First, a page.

With careful research and preparation, it's possible to find a home that will suit your requirements for many years. However, it's likely that over time, your needs will change and you will eventually outgrow your current home.
Whether you're starting a new family, your children are moving out or you'd like to switch your apartment for a house with a lush garden, consider the following before purchasing a new property.
If you're financially savvy and have considerable savings, you may want to weigh up the possibility of gearing.
When you borrow money to invest, this is called gearing. The less-risky strategy involves keeping your costs below your level of income (such as rental income).
If you're living in an apartment or unit and want to move into a larger home, have you considered whether you can afford both properties?
You could use the equity you've built up in your existing property to stump up a deposit for your new home. Then, you can find tenants for your old property and use the rental income to pay off the mortgage.
You'll want to have savings at hand to cover any extra expenses, and you might even utilise a property management service to meet all of your legal obligations as a new landlord.
Evaluate the property market - ask yourself whether your current house has risen in capital value recently and if this trend will continue. Be sure to consult a financial adviser if you're unsure about borrowing to invest.
If you choose to sell your old home to buy a new one, is it in your best interests to stick with your existing home mortgage, or refinance instead?
How you answer this question will depend on whether you buy a second home before or after you sell your existing property.
If you find yourself in a position where you are buying a second property before selling your first, or your new home's settlement date is after that of the property you're selling, a bridging loan may be right for you.
Bridging loans tend to be taken out for short periods. Both properties act as securities on the debt until the second sale is confirmed.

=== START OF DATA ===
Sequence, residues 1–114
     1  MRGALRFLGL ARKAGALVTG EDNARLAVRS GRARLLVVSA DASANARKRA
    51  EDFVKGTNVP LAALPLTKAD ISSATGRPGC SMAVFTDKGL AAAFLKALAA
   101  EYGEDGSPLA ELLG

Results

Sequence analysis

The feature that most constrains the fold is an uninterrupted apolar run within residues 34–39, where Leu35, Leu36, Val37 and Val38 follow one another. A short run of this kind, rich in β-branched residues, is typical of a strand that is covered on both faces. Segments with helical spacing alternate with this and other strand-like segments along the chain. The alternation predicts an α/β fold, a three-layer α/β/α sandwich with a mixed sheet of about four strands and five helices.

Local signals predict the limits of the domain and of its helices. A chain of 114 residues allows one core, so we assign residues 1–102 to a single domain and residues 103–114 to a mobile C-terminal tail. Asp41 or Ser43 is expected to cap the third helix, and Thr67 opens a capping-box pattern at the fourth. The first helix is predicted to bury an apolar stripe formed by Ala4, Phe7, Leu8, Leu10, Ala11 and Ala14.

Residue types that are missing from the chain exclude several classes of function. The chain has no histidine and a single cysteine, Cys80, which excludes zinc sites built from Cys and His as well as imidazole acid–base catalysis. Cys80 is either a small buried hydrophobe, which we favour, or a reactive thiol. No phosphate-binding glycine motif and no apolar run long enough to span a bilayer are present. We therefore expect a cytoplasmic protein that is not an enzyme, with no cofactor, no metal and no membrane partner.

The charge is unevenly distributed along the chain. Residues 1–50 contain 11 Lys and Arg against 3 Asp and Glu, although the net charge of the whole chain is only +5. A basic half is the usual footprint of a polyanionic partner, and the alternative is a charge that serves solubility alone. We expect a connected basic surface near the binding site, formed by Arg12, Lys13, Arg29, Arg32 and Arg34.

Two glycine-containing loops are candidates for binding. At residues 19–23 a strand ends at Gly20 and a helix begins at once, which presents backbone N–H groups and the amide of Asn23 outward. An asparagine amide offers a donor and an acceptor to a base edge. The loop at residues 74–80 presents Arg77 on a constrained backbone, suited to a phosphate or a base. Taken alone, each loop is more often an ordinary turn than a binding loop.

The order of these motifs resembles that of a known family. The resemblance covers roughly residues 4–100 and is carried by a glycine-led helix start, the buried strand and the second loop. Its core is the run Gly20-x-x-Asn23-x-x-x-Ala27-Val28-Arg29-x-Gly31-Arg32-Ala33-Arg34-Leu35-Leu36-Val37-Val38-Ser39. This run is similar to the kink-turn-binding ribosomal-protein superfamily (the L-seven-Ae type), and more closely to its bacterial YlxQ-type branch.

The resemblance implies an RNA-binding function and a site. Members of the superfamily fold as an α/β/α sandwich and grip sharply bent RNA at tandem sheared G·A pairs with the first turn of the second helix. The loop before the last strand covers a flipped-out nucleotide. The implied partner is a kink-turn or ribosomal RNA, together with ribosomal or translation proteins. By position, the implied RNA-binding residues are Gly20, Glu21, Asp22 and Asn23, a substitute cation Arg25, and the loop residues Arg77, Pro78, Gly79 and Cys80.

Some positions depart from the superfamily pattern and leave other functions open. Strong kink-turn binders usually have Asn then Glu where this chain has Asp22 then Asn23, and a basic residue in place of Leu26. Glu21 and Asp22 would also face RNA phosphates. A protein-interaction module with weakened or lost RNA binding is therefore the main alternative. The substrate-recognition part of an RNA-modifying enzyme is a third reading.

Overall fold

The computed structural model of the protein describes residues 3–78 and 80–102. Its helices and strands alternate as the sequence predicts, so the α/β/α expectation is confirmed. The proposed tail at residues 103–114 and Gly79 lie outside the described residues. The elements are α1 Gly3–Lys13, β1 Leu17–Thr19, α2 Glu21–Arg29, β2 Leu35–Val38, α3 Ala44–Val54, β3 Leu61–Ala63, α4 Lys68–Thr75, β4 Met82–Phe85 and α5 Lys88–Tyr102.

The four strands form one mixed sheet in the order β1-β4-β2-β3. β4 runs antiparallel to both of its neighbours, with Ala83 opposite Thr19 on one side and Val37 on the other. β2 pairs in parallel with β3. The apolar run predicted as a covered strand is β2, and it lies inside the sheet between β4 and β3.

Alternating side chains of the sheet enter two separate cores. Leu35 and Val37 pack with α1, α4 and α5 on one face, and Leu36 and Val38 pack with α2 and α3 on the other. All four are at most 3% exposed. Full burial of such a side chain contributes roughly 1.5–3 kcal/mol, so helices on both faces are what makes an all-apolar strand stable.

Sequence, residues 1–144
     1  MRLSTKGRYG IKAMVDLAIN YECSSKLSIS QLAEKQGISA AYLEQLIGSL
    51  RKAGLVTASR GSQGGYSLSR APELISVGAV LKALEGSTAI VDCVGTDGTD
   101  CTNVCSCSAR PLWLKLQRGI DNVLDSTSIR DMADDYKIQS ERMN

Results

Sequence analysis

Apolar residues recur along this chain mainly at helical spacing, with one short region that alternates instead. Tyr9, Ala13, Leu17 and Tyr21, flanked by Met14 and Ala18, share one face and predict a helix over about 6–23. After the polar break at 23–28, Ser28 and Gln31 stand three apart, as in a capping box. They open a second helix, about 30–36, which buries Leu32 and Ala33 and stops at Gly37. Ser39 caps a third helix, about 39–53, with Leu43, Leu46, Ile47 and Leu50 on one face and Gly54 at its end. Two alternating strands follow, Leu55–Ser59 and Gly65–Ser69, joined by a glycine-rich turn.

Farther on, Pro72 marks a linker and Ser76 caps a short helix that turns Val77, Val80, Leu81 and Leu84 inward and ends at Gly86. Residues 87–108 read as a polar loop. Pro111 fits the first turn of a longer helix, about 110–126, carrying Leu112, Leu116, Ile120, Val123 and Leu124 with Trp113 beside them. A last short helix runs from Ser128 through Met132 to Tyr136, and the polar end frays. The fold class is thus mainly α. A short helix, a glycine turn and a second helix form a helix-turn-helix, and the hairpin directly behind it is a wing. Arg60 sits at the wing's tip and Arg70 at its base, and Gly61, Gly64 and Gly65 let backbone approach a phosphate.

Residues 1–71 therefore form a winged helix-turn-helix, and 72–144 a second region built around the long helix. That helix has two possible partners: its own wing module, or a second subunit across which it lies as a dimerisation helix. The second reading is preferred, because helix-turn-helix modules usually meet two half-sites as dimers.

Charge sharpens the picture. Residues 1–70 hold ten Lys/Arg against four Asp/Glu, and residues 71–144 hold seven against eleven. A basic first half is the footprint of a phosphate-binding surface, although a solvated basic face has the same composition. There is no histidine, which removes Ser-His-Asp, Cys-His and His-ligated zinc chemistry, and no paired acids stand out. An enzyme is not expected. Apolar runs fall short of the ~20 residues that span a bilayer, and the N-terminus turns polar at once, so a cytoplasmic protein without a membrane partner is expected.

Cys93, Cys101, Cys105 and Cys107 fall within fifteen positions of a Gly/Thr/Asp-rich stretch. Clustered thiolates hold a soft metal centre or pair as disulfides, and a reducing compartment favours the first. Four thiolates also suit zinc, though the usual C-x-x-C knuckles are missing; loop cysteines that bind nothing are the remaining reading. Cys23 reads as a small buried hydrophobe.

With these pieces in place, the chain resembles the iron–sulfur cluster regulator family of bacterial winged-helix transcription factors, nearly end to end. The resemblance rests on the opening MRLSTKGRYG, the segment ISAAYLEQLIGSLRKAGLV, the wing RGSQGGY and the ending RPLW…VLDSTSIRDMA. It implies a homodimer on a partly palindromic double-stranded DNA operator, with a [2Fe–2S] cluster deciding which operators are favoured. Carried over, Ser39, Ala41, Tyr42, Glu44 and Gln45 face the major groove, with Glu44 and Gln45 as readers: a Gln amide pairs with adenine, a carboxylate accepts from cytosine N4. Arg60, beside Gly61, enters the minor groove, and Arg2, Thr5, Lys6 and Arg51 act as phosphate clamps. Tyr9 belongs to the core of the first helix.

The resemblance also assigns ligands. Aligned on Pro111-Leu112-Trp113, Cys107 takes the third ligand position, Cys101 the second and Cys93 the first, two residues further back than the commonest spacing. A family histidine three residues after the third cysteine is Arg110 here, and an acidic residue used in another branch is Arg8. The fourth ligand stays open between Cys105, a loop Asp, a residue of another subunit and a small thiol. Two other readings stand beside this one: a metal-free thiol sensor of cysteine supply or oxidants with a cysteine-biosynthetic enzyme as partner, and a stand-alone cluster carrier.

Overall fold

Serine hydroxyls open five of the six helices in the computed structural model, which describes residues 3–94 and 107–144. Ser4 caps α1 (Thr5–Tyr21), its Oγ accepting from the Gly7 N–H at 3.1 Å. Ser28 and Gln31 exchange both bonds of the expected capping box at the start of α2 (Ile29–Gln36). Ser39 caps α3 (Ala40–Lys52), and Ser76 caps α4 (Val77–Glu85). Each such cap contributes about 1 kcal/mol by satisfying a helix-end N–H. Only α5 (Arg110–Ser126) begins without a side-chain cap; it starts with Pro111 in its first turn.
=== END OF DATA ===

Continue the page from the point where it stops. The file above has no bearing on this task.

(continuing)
You may have to demonstrate that you can pay off both loans. A stable income is a good way to show this - just make sure you can still cover your everyday expenses. Some lenders may require you to sell your existing home within a certain timeframe, so keep this in mind.
This may be a good option if you've found your new dream home but don't want to accept the first offer on your existing property - especially if it's lower than the market rate!
Another option is a portable loan. When you sell your existing property, you can transfer your home mortgage to your new home with this kind of loan.
If you have a portable loan, you may avoid setup costs and cancellation fees you'd otherwise incur with a new loan. It's best to check with your lender that your mortgage has this feature when you first sign up.
Whether you're buying a more expensive property or something cheaper, portability is a great feature to minimise extra costs and take the hassle out of moving house. Considering home loan periods range from 15 to 30 years, it's quite possible that you'll need to upsize or downsize in this time, so loan portability is often a very useful feature.
If you refinance your home loan, you could use the equity in your current home for your new property.
A valuation is a critical part of your home loan application. When a borrower lends money for the purchase of a home, the property becomes the security on the debt.
Therefore it's important that this security has been correctly valued - a task for a licensed and independent valuer.
The valuer will consider the building's condition and layout, any structural faults, location and planning restrictions.
Tags: buying a new home